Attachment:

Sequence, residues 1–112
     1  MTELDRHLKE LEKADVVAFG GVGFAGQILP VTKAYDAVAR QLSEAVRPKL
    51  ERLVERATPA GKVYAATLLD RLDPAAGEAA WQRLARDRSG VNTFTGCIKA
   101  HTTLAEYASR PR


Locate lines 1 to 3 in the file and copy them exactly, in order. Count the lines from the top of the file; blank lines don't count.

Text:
Sequence, residues 1–112
     1  MTELDRHLKE LEKADVVAFG GVGFAGQILP VTKAYDAVAR QLSEAVRPKL
    51  ERLVERATPA GKVYAATLLD RLDPAAGEAA WQRLARDRSG VNTFTGCIKA